Previously recognized forms of self-injury included cutting, burning, pulling out hair, breaking bones or swallowing dangerous substances. The new way is to embed a foreign object, such as a nail or paper clip, into one's body.
At the annual meeting of the Radiological Society of North America, Dr. William Shiels, chief of radiology at the Nationwide Children's Hospital in Columbus, Ohio, presented the first research on self-embedding, noting that radiologists are often the ones who detect the disorder.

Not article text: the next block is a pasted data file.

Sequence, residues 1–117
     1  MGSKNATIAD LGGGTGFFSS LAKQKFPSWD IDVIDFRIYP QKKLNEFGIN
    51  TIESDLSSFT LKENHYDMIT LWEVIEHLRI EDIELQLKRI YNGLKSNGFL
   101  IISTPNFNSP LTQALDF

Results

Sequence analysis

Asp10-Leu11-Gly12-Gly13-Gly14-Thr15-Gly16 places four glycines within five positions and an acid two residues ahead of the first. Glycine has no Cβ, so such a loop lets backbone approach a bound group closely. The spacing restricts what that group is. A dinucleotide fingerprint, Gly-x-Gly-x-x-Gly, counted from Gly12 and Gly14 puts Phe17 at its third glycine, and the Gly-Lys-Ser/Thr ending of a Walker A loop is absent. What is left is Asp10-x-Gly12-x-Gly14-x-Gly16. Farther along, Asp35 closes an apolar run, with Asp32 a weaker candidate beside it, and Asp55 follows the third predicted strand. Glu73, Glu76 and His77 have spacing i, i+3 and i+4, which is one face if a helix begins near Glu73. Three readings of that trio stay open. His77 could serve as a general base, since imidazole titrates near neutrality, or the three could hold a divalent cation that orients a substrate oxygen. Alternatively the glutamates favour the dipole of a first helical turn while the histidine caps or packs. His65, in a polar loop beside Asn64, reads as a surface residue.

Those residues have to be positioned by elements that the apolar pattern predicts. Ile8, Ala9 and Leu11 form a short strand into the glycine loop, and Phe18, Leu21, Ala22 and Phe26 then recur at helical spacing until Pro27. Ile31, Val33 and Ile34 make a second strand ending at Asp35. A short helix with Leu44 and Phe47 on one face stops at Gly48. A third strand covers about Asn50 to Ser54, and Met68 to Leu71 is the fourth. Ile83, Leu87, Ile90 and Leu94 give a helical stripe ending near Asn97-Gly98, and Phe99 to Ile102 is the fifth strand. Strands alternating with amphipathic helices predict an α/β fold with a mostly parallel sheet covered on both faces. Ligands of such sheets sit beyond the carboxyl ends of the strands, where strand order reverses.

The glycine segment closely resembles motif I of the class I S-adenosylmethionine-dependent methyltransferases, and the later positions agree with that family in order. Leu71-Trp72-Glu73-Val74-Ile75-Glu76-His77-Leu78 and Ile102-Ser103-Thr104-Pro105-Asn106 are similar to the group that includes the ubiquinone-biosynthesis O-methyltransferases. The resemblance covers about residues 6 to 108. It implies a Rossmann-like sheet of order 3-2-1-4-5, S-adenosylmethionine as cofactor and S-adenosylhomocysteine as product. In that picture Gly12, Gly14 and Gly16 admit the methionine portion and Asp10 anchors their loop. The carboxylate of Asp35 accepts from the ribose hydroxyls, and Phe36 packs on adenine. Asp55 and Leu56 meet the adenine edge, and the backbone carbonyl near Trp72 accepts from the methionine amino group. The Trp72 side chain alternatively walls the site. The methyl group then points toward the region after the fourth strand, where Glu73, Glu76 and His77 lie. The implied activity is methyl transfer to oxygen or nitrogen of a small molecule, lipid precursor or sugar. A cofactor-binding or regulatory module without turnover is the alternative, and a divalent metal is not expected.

Shiels's study involved ten teenagers who had jammed more than 50 objects - including metal staples, metal paper clips, a lead pencil, crayons, stones, glass and wood - into their arms, ankles, feet, and hands. One girl embedded a six-inch paper clip into her arm.
Most of the teens suffered from mental disorders such as depression and bipolar disorder, and Dr. Shiels warned that self-embedding can be a form of suicidal ideation that mandates immediate attention. "Parents often do not see the behavior evolving," he said. "Parents need to recognize the problem and get their child into therapy quickly."
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